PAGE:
The primary food aid program, PMO notes, is the federal government’s Supplemental Nutrition Assistance Program or SNAP, formerly known as food stamps. The program is 100 percent federally funded and assistance under the program can only be used to buy food.
Under federal rules, able-bodied adults without children can receive food aid in only 3 months out of a 36-month period unless they have a job or participate in a work program. A state can qualify for a 12-month, statewide waiver of these requirements if the United States Department of Labor’s Unemployment Insurance Service determines that it qualifies for extended unemployment benefits. Ohio has qualified for this waiver since 2007.
The waiver for the entire state was accepted from 2007 through 2013. John Kasich’s Administration accepted the waiver for just 16 mostly rural counties last year, but refused the waiver for the rest, including many urban and suburban counties. This year, the administration accepted the waiver for 17 counties, most of which were the same as last year.
On August 15, 2014, advocates filed a civil rights complaint about the disparate impact on minorities. Then last week, the Kasich Administration notified counties that they would pursue essentially the same strategy for the waiver for the coming year.
As reported at PB, Ohio still has nearly 260,000 jobs to recoup to bring it back to where it was before the Great Recession. Over these years, Ohio’s workforce has shrunk by 222,000 since the recovery began, meaning many hungry people are unable to find a job and no longer report themselves as looking for work. As PMO explained today, jobless Ohioans who seek food aid can sometimes get a work assignment at their local job and family service agency and qualify for ongoing food assistance. But the number of work slots has been far lower than the number who lost food aid as the waiver ended in most places.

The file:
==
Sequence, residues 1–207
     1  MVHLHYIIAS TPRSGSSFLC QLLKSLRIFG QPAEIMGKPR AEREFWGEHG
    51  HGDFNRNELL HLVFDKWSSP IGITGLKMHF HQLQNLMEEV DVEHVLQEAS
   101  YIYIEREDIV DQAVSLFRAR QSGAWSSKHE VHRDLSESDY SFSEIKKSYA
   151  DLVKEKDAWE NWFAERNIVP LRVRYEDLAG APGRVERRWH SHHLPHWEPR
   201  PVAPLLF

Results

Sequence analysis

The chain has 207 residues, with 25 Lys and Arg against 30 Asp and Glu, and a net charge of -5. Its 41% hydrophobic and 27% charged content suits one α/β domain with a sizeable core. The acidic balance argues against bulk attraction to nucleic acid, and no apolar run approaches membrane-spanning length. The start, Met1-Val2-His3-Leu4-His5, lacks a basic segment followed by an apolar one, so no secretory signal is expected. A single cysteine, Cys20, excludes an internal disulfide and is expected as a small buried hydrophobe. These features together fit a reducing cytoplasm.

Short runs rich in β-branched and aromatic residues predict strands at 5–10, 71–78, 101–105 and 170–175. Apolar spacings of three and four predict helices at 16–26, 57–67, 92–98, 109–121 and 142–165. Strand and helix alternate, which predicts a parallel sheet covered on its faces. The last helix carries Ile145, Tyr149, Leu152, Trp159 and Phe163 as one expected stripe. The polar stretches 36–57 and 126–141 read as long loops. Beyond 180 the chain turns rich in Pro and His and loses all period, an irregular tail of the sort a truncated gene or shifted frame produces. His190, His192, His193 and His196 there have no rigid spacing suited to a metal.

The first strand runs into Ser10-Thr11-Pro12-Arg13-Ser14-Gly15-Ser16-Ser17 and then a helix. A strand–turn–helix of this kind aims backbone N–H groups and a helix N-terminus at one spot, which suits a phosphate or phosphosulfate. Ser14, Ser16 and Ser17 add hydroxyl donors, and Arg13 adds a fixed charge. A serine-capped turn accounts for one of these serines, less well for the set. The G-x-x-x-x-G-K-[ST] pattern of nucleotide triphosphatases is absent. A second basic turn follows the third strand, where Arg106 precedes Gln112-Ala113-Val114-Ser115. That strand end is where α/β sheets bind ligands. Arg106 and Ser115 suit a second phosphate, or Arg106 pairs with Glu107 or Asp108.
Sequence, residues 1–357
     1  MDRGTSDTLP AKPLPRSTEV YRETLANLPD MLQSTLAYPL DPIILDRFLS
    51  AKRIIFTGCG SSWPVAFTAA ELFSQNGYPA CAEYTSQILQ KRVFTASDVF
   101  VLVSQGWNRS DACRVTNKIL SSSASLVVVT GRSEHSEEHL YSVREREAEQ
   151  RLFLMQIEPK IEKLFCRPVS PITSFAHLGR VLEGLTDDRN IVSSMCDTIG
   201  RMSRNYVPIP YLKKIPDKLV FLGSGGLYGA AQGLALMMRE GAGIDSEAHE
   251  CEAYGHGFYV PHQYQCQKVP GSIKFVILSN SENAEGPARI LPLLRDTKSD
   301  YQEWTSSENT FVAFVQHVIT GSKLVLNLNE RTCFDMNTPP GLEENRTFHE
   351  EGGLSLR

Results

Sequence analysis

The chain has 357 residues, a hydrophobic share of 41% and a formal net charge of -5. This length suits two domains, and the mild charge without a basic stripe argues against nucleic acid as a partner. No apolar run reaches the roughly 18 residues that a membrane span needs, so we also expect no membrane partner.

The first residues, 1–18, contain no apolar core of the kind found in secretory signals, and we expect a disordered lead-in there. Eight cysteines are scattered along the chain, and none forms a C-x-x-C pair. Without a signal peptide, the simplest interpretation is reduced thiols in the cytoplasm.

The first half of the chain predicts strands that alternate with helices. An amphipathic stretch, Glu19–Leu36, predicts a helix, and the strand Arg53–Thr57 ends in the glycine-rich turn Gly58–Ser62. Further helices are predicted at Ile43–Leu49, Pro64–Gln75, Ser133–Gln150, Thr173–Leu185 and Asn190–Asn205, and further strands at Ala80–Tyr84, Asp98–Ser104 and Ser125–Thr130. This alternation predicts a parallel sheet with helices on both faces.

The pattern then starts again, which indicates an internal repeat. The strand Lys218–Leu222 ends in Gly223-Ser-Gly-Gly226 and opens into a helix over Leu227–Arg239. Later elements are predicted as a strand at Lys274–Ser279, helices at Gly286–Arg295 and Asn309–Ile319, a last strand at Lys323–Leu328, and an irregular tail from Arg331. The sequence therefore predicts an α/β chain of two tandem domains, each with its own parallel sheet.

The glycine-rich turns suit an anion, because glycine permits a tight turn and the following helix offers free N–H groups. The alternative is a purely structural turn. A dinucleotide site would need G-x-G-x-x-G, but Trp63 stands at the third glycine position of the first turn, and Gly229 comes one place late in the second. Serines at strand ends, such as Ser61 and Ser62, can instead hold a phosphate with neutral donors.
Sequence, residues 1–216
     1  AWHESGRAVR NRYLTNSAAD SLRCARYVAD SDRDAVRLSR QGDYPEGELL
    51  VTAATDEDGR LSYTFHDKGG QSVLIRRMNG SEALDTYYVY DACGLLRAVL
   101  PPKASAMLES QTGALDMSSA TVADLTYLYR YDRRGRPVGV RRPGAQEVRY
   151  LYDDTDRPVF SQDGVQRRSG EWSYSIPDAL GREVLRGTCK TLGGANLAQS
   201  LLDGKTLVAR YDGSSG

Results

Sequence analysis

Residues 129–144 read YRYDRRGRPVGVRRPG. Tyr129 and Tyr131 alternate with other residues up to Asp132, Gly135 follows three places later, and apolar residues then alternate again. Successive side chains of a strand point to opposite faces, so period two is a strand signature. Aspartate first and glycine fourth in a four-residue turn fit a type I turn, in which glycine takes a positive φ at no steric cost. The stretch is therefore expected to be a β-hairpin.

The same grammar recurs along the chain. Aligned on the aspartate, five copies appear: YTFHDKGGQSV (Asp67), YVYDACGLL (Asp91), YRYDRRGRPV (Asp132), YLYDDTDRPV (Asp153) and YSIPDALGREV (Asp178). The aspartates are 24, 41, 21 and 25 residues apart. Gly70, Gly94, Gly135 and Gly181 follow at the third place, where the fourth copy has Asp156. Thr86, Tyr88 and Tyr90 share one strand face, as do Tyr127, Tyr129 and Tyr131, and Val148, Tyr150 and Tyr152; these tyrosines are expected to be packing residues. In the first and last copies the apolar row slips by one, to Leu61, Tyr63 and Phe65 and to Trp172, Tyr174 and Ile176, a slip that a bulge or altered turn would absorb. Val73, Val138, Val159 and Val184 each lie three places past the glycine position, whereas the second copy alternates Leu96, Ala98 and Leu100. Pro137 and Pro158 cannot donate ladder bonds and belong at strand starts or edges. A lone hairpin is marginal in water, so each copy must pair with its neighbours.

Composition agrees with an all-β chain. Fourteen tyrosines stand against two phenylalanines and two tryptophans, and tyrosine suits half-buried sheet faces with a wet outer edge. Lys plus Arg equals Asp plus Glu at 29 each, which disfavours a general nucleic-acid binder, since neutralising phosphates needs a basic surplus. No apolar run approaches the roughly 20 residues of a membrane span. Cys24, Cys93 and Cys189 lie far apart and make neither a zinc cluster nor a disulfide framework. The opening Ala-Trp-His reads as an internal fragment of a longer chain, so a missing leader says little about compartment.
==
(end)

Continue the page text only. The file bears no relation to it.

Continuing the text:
Ohio lead all states last month [July] with the loss of 12,400 jobs. Under Gov. Kasich, Ohio remains below national averages for GDP and wage growth, which is actually going down. Those who do not get a work assignment or cannot meet the requirements of the assignment will exhaust their three months of food aid eligibility and then turn to food pantries or soup kitchens or go without food.
Those hurt by the rejection of the waiver for most Ohio counties include many of the same people who are being served through the Gov. Kasich’s expansion of Medicaid. Had there not been $2.5 at stake, there is little reason to believe that Kasich would have gone around the will of Ohio’s legislature that didn’t want to accept the federal funding.
The Ohio Association of Foodbanks interviewed 2,541 adults in Franklin County who lost food assistance in 2014 because of the rejection of the waiver and found a third of them (33.1 percent) suffer from poor physical or mental health. Lack of food compounds health problems that curtail the ability of these individuals to get and keep a job and may expand their need for health and hospital services.
John Kasich appears well on his way to jumping into the Republican sweepstakes for president and vice president in 2016 after he wins in November. Kasich will continue to burnish his reputation as compassionate, but for anyone who has paid attention to what he’s campaigned on and what he’s actually done when elected, John Kasich is only compassionate when he’s using other people’s money. Ohio’s community of truly compassionate advocates is now calling on him to accept the federal government’s waiver of work requirements for all counties of the state.
“We call on the Kasich Administration to maximize its use of federal resources so that hungry Ohioans can meet their most basic need – food,” the groups mentioned above said in a universal statement.